Annual updates and an accompanying price hike mean the OG EV isn't as affordable as it once was.
We first got wind of the updated Nissan Leaf when the company's European subsidiary announced a facelift for the popular EV. Not much later, the fresh-faced hatchback arrived in the USA with enhanced safety specification and sharper styling. At the time, Nissan said the revised Leaf would remain a value-for-money proposition and, based on the recently revealed pricing strategy, they were right.
For the 2023 model year, the base model S and plusher SV Plus derivative are priced at $27,800 and $35,800, respectively, which represents a $400 MSRP increase across the board. As part of the life-cycle update, Nissan has elected to streamline the range to offer just two models; the 2022 range offered as many as five trims. With the sleeker styling and enhanced safety spec, the marginal price increase isn't much to worry about - but the Leaf no longer holds the title of America's cheapest EV.
That honor now falls to the 2023 Chevrolet Bolt EV. The bow-tie brand has slashed prices for the new model year, meaning bargain-seeking buyers can now purchase GM's littlest EV for just $26,595 - destination charge included. There's a very good chance that this may threaten Leaf sales, as the Bolt boasts a superior electric range.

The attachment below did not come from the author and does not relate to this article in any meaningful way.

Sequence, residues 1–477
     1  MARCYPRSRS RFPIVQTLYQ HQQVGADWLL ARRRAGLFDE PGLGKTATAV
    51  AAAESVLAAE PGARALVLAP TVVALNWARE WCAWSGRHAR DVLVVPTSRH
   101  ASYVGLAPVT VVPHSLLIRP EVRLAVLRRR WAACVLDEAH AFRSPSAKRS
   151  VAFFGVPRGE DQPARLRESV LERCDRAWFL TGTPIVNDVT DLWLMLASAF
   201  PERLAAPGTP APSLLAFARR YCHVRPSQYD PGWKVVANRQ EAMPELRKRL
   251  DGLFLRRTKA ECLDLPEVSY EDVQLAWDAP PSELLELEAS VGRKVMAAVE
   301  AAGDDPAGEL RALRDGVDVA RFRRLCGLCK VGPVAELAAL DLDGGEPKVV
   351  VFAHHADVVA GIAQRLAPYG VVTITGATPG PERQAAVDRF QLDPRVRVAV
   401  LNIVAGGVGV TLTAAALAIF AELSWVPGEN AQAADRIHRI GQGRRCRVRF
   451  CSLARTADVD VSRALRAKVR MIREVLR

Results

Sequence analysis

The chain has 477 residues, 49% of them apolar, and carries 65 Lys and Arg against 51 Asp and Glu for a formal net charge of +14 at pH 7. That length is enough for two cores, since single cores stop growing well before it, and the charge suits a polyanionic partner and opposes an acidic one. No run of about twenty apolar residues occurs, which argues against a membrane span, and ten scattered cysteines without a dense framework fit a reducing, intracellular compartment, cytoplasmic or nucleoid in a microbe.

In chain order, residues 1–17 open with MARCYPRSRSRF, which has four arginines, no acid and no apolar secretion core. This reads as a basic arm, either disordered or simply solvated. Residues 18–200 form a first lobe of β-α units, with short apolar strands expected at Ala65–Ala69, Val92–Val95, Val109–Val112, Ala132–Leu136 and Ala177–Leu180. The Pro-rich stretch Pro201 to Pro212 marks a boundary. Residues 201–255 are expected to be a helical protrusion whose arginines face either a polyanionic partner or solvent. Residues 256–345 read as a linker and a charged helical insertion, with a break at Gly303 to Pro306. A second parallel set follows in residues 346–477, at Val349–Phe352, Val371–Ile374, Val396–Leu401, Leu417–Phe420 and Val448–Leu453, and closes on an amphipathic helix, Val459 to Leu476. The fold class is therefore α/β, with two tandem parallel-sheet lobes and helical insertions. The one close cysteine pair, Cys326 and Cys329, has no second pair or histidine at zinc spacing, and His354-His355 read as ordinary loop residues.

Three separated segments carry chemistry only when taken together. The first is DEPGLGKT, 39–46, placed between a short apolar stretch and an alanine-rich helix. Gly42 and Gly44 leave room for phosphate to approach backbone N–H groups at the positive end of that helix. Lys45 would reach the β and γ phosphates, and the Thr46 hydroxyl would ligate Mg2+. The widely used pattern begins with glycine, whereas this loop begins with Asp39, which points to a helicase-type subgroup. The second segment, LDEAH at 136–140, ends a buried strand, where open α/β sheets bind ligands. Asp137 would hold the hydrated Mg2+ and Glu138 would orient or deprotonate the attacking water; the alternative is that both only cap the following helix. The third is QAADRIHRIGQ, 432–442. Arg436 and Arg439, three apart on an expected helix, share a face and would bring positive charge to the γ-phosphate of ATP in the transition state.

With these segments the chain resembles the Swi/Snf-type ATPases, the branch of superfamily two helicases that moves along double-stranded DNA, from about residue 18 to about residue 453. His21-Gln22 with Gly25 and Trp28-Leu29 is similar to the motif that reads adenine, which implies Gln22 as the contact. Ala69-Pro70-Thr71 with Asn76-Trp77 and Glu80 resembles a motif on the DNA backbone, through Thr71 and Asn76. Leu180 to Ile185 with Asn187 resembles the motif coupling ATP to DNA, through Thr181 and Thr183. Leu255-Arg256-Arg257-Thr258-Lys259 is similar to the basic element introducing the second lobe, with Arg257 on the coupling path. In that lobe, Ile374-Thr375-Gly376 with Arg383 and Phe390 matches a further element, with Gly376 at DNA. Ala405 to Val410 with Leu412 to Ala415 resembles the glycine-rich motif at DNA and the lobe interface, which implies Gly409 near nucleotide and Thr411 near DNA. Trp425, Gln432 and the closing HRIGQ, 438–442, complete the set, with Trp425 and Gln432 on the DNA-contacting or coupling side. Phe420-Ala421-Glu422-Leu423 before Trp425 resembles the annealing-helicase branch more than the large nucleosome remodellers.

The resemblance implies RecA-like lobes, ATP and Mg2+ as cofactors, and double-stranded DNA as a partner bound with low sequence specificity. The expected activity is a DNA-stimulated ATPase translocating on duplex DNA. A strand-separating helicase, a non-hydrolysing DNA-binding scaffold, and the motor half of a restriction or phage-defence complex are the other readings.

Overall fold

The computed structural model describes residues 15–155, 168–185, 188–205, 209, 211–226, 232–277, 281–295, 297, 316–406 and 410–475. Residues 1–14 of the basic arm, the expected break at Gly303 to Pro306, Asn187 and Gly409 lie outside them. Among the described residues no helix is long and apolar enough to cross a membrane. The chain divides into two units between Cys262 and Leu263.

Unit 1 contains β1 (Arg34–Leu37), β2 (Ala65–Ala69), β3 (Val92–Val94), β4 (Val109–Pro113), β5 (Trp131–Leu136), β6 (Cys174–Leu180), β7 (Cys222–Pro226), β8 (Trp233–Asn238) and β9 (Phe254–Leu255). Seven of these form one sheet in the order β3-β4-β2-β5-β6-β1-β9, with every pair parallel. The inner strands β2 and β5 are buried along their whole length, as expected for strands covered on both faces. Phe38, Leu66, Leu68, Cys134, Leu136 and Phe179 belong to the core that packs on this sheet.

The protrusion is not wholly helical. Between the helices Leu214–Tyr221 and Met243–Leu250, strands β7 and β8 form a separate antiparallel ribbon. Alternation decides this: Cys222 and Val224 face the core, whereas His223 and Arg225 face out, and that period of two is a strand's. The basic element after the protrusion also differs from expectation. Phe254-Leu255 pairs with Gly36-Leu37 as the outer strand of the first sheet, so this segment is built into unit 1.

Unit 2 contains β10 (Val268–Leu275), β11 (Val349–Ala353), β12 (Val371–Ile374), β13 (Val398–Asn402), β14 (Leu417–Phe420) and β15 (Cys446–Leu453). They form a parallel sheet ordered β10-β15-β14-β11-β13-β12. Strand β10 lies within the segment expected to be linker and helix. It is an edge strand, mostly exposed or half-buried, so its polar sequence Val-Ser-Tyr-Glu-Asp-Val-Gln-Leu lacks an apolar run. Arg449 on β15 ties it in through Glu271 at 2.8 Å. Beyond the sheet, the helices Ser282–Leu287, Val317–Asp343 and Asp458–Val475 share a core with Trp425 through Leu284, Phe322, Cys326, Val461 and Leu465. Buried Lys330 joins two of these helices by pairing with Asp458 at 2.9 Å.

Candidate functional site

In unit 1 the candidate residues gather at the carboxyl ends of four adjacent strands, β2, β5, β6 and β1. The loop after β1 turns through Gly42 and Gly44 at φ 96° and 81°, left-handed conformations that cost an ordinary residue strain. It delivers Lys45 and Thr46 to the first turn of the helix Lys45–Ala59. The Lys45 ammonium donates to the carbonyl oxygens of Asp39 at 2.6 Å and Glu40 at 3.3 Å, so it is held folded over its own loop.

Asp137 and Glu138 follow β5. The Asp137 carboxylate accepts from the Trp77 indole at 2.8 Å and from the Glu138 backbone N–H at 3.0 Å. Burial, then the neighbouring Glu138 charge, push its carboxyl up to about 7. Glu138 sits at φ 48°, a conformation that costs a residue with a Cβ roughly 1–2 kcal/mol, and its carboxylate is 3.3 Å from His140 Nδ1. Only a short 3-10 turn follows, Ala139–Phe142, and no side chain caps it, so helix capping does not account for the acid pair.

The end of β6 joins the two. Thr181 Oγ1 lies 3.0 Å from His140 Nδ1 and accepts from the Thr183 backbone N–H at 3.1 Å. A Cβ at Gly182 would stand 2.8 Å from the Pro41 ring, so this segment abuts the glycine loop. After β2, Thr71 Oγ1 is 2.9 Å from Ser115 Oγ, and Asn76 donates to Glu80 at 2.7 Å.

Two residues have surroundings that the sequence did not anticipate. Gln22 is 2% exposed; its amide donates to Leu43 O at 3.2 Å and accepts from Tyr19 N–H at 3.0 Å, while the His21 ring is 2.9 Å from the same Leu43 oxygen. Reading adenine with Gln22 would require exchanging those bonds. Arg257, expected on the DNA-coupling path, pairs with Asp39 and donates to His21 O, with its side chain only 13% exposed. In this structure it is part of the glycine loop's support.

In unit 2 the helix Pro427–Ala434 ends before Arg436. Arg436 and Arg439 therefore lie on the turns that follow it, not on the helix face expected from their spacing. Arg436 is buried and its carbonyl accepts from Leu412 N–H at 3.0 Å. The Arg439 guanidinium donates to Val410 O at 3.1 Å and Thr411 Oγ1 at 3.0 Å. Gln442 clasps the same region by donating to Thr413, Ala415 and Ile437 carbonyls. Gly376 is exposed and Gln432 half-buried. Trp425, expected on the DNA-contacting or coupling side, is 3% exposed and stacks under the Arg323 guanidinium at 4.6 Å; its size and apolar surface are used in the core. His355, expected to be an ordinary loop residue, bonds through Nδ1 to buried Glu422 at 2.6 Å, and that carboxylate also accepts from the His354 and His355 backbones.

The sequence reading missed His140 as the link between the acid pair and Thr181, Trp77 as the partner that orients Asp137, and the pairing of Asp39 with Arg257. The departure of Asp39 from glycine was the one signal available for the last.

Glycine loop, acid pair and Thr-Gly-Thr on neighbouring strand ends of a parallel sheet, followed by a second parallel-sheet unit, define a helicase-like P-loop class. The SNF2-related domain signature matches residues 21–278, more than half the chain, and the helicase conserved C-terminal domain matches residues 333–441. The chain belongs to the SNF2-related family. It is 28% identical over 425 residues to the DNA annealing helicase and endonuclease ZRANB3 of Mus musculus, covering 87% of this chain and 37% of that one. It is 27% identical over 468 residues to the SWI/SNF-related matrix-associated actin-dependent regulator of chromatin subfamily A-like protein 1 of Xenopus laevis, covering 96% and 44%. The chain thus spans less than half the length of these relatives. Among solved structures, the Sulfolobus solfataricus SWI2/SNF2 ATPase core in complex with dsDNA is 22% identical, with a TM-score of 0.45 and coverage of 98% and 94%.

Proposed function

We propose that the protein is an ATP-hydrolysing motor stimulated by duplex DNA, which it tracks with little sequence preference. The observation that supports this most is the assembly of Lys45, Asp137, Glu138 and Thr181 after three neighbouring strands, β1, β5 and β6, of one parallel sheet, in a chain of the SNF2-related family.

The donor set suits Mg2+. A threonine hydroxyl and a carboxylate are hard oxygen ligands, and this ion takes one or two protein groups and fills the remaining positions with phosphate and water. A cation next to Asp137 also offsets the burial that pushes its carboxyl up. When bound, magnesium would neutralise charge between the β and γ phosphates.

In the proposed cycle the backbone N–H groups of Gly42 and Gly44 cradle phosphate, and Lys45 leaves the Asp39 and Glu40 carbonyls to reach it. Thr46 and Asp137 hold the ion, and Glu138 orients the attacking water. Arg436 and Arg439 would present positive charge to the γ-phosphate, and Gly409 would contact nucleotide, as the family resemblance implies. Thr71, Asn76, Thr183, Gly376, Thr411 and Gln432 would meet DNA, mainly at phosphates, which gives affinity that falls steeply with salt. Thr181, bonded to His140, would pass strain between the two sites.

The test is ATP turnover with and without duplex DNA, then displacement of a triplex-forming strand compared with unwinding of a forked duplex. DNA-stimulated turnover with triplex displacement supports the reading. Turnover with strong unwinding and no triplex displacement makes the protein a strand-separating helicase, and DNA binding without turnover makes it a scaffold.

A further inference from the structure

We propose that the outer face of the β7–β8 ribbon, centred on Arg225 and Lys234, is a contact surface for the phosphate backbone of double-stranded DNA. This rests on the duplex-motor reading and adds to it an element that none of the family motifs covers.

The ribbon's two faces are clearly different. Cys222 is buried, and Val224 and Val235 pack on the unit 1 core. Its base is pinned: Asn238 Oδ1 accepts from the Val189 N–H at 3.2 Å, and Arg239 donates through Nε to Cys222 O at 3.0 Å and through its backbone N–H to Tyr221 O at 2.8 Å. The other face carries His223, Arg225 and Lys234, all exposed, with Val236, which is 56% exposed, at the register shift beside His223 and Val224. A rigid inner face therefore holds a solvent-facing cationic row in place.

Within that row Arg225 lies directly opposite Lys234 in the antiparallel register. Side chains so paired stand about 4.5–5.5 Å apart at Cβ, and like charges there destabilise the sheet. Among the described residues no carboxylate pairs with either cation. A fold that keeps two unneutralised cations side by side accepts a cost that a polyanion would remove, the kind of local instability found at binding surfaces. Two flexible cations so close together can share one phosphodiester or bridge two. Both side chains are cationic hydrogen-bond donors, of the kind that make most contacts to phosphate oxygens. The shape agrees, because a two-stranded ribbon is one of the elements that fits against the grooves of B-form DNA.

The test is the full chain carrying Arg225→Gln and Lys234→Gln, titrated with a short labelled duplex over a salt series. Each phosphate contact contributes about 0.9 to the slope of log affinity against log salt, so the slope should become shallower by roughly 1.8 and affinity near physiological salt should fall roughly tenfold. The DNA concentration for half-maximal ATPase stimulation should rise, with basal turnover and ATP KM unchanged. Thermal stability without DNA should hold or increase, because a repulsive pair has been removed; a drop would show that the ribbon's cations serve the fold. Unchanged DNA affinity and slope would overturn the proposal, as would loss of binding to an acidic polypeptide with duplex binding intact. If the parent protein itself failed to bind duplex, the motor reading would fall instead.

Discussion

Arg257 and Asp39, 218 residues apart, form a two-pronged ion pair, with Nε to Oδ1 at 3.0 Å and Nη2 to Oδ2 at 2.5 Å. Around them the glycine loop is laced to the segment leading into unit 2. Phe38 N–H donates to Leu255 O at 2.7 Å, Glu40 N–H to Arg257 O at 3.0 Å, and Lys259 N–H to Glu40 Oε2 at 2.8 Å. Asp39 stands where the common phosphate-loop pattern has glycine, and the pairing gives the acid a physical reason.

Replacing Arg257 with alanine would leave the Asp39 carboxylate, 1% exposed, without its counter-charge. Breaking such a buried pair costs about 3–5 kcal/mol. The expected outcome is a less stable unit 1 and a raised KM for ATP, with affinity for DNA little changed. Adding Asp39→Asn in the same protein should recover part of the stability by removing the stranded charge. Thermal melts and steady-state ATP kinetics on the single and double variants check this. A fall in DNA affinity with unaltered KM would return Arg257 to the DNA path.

The American can travel up to 259 miles on a single charge. Comparatively, the 60 kWh battery-equipped Leaf SV Plus can only manage an EPA-estimated 212 miles (and costs $10,000 more). The more affordable Leaf S can only travel up to 149 miles before its batteries need recharging.
However, the Chevrolet Bolt has had to contend with less-than-desirable circumstances over the past few years. This has given the EV a poor reputation amongst car shoppers - something which can't be said of the Nissan Leaf.
Even if the Bolt manages to steal sales from Nissan, The latter will have the last laugh as the next-generation Leaf is expected to debut in 2025. It may not be the most exciting car in the world, but the recently refreshed Japanese EV is still a sensible choice for many.
Aside from the aforementioned styling updates, all Leaf models now receive Nissan's Safety Shield 360 as standard equipment, which comprises six driver-assist systems. The SV builds on this with ProPILOT Assist and the company's steering assist technology and Intelligent Cruise Control.
With the $7,500 federal tax credit, the 2023 Nissan Leaf remains a bargain. If you're looking for an eco-friendly city-slicker, we'd stick with the base S model. However, the SV Plus boasts more power ( 214 horsepower and 250 lb-ft of torque) and has a superior range. All Leaf prices mentioned here are exclusive of Nissan's $1,095 destination and handling fee.